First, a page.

Rosebud School of the Arts celebrates awards and graduation

By Laureen F. Guenther Times Contributor

Anna Schroeder, Emily Cambridge, Kelti Berry, Sarah Robertson and Justin Lanouette graduated from Rosebud School of the Arts’ four-year program on Oct. 1, receiving the honour of being named Fellows of Rosebud School of the Arts.
Laureen F. Guenther Photo

Rosebud School of the Arts celebrated its annual graduation and awards event, Oct. 1. The ROSAs – Recognizing Outstanding Student Achievement – featured an afternoon ceremony in Rosebud’s Opera House, and a banquet in the Haskayne-Kenney Mercantile.
Forty-two categories of awards, scholarships and bursaries were presented to students in all four years of study, and the gifts totaled over $49,000, said emcee Jordan Cutbill, a 2005 graduate. Rosebud School of the Arts (RSA) has an enrollment of about 30 students, he said, and this financial support will cover about 21 per cent of their tuition.
Nine students graduated with RSA’s one-year Certificate in Theatre Foundations. Two students received a Certificate of Completion in Open Studies, and one student was honored for completing a Music Internship. Ten students graduated with a two-year Diploma.
Five students had completed four years of studies, including a self-produced Final Project. Kelti Berry and Anna Schroeder had majored in Theatre Arts. Emily Cambridge, Justin Lanouette and Sarah Robertson majored in Acting.
The five graduates received Rosebud School of the Arts’ highest honor: Fellow of Rosebud School of the Arts (FRSA), and were welcomed into the Rosebud School of the Arts Guild. Each new FRSA was honored with a video presentation, and a personalized speech by their faculty advisor.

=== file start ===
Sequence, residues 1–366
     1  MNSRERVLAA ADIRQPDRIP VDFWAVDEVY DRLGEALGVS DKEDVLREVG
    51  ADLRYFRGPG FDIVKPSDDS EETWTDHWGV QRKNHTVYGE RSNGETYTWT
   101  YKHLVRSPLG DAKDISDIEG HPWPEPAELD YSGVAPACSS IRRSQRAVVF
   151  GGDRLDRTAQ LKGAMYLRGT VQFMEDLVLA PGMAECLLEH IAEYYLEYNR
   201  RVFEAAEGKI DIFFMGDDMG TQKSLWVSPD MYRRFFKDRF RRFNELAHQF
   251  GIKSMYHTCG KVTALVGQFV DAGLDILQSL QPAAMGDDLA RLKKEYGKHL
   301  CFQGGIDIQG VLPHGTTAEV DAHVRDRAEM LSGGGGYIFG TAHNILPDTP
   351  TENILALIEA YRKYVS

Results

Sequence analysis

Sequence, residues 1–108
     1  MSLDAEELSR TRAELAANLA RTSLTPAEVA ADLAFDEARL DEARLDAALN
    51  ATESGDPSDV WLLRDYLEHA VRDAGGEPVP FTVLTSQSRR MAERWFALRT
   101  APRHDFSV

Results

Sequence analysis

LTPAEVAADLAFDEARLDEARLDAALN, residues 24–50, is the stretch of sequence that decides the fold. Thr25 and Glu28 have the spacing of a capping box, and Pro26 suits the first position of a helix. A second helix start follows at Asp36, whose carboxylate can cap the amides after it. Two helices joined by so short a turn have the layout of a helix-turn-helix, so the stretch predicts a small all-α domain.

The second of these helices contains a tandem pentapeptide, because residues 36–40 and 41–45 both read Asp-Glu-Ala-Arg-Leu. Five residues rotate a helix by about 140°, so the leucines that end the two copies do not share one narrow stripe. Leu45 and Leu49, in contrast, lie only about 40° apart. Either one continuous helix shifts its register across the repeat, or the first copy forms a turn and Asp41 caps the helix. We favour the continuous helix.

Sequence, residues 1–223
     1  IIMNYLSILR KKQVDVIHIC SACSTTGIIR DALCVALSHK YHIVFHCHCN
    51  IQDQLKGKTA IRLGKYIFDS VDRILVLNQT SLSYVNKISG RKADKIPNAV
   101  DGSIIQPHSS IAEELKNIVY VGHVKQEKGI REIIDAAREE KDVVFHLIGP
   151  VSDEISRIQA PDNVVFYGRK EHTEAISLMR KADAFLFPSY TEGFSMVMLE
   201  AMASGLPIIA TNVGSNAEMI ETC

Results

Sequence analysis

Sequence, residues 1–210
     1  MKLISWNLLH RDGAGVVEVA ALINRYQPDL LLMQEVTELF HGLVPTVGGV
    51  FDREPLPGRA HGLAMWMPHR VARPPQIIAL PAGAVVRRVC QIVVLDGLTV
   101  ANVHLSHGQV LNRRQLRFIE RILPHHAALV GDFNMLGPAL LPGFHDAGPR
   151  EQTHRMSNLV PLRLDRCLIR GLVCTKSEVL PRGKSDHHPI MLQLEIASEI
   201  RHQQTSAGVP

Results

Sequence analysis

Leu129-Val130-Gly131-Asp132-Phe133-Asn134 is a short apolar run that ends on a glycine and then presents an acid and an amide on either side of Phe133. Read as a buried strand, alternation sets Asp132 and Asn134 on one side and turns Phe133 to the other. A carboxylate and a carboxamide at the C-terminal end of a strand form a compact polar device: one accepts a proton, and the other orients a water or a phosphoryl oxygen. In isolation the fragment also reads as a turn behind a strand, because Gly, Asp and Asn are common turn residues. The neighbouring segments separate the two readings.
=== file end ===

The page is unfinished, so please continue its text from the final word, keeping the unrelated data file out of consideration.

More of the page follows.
Paul F. Muir, RSA’s education director, also welcomed the five new FRSAs into the RSA Guild, and encouraged them to consider what Guild membership means.
RSA’s goal, Muir said, is to inspire students to become catalysts for transformation in the world, summarized in the school’s tagline, “Be Transformed. Transform Culture.”
When that transformation happens at RSA, he said, it’s not because the school has plentiful money and other resources, since that is not the case. Nor does it happen because the school has gifted instructors, or because the students grow through rich apprenticeships in Rosebud Theatre, al
True transformation only happens, Muir said, through the love of God by the Holy Spirit.
“Lives can only be truly enriched by the touch of the Spirit,” he said. “Thankfully, that Spirit is here.”
The Holy Spirit is working in the Rosebud valley, in the hamlet and in all the classes, chapels and other school events, he said, and the Spirit touches the heart of every person involved with RSA.
That doesn’t mean the transformation is easy, he said. It requires struggle, vulnerability, failure and getting back up again. He read from the biblical book of Romans, which says suffering builds endurance and shapes our characters, which in turn teaches us to hope and to anticipate God’s goodness.
“We tell stories to enrich lives, to transform culture,” Muir said. “We want to do it with joy and gratitude and hope. And stories have the powers to reach into our hearts and our minds and plant the seeds for transformation.”
“To be part of the Guild means to be a partner with the Holy Spirit, on this mission to enrich lives and transform culture.”